WindstreamUpdated October 13 with additional information from Windstream

Fixed broadband wireless gained more traction today with Windstream’s announcement that a Windstream fixed wireless service will be launched in 40 markets nationwide. The service is targeted to provide speeds of up to 275 Mbps bi-directionally and to support service level agreements.

Windstream did not immediately respond to a request from Telecompetitor for additional details but apparently the offering uses a point-to-multipoint approach, as the company notes that hub capacity can scale up to 13.2 Gbps. According to the Windstream press release, the offering will supplement previously launched fixed wireless services operating at speeds from 1 Mbps to 1 Gbps.

Windstream acquired Business Only Broadband, which offered fixed wireless in several markets, in 2013. Recently Windstream launched fixed wireless service in New York in the 28 GHz band.

Fixed wireless has been around for many years as a means of providing broadband service in rural areas where equivalent-speed landline options are not available. More recently, large service providers including AT&T, Google and Verizon have launched or expect to launch fixed wireless in metro areas, with significant competitive implications.

Some of those offerings will target residential areas, but the reference to service level agreements suggests that Windstream’s plans may be primarily business focused. That would not be surprising, considering that Windstream’s strategy in recent years has been to re-invent itself as a nationwide business services provider.

That strategy, however, requires the company to rely heavily on last-mile connections from other service providers. The fixed wireless initiative announced today could play an important role in reducing that reliance.

Windstream Fixed Wireless
The Windstream fixed wireless offering will use equipment from Cambridge Broadband Networks (CBNL) that operates in the 39 GHz band. The offering will use spectrum licensed to Straight Path Communications, which according to a Windstream press release, is the nation’s largest licensed millimeter wave spectrum holder in the U.S.

The millimeter wave band includes ultra-high-frequency spectrum above 24 GHz that can support high-bandwidth service. Like Windstream, at least two other large carriers also are planning to use ultra-high-frequency spectrum for their deployments.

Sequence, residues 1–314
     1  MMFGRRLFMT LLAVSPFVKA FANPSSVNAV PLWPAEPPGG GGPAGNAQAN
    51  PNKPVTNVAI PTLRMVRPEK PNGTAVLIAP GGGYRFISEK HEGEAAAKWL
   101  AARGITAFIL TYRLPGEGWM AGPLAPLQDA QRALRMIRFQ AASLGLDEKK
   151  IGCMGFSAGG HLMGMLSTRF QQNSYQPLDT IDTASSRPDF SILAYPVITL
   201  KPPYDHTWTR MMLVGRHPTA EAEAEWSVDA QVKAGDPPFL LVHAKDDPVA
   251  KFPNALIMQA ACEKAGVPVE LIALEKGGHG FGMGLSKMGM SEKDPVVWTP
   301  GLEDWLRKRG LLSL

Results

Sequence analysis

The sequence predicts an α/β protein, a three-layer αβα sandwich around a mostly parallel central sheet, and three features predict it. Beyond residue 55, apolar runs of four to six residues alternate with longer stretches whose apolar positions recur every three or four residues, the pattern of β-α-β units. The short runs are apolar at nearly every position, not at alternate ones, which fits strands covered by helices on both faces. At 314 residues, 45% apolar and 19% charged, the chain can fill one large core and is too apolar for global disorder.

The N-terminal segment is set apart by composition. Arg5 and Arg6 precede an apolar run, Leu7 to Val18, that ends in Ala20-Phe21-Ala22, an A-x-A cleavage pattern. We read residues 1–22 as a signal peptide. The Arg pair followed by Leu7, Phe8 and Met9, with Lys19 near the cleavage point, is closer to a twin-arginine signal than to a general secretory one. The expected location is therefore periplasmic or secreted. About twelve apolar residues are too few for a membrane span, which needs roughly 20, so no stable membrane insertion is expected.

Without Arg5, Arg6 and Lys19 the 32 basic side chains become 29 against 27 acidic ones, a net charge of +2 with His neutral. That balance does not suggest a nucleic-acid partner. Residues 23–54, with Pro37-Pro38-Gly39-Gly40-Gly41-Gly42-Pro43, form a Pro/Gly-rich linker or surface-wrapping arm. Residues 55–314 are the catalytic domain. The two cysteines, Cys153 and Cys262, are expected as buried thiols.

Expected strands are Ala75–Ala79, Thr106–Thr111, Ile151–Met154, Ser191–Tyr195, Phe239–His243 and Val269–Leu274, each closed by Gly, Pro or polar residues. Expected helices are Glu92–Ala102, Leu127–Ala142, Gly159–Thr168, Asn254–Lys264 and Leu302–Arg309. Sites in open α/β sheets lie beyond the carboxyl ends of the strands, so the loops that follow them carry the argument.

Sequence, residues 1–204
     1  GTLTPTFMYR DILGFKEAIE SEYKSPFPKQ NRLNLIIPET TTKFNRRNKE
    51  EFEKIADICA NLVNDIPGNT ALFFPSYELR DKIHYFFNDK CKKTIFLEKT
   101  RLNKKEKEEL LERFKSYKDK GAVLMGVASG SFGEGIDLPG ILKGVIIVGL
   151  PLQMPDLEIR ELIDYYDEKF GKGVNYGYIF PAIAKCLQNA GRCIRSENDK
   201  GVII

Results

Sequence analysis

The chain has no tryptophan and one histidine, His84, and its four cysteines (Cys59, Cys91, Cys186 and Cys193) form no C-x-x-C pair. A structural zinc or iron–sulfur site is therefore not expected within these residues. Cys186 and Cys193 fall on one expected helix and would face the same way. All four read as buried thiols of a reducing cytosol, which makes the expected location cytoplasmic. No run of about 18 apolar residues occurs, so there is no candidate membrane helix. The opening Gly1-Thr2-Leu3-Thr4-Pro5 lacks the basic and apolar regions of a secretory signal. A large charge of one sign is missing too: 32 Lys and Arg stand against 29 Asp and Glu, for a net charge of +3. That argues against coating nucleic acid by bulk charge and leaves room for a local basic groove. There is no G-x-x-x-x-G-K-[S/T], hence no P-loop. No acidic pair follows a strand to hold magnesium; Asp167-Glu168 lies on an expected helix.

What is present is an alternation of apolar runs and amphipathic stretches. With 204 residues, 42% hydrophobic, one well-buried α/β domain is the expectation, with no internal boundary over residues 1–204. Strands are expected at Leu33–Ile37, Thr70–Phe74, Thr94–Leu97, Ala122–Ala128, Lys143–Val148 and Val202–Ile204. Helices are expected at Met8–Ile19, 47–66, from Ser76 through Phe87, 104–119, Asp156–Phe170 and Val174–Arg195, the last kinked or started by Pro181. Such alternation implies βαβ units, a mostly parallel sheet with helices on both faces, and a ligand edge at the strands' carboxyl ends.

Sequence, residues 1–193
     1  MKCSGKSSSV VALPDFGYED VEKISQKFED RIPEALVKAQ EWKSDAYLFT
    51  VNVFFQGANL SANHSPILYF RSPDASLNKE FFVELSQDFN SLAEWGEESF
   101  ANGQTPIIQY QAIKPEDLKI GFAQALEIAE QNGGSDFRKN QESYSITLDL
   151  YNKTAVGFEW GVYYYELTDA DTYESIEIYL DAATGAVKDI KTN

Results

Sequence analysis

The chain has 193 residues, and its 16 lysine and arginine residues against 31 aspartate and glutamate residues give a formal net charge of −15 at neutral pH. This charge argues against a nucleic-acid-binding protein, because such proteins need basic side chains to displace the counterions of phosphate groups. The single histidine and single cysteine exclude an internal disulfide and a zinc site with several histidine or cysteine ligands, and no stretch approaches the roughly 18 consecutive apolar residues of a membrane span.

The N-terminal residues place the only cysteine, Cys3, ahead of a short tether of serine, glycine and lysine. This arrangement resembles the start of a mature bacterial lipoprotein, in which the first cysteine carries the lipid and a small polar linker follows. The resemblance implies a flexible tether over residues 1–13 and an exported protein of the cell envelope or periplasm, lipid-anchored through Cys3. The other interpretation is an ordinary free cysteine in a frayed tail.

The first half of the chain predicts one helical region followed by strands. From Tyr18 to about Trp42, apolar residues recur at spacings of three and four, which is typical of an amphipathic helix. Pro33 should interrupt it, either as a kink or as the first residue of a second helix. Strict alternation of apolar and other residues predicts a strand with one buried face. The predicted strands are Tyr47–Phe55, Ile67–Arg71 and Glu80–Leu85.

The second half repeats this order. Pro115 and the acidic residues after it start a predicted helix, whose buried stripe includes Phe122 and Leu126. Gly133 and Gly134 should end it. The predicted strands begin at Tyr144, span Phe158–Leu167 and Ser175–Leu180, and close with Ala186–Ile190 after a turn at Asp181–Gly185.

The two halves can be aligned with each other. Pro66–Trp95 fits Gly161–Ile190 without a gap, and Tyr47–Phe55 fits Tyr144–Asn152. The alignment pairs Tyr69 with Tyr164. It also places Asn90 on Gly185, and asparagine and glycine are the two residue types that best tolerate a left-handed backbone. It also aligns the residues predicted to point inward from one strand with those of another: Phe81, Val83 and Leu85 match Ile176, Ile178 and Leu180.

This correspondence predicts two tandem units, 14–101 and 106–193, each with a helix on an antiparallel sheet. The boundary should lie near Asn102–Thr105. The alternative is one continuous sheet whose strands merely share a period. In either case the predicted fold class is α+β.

AT&T plans to use spectrum in the 70-80 GHz band for which the company has a nationwide license. AT&T recently entered into a CenturyLink market with competitive fixed wireless broadband service. The spectrum that Verizon hopes to use is in the 28-31 and 39 GHz bands, where Verizon acquisition target XO Communications holds licenses.

Google’s approach may or may not be different. The company has been experimenting with fixed wireless using spectrum in the 3.5 GHz unlicensed band and there is speculation that the company may deploy fixed wireless more broadly, possibly using 3.5 GHz spectrum.

Additionally the company has acquired fixed wireless provider Webpass, and intends to integrate those services into it’s Google Fiber portfolio. According to Wired, Webpass uses spectrum in the 70-80 GHz band.

Update October 13:

Telecompetitor received a response from Windstream Senior Principal Architect of Enterprise Product Access Strategy J.P. Gonzalez yesterday.

Gonzalez confirmed that this week’s fixed wireless announcement pertains only to business, not residential customers. He also noted that the offering is not a service but an access method that would support other services.

“This specific technology’s range will depend on the rain curves in any given city and be between .75 and 2 miles,” Gonzalez said.

He also noted that “[t]he capital intensity per-bit is lower in the speed ranges supported by this technology than for fiber.”

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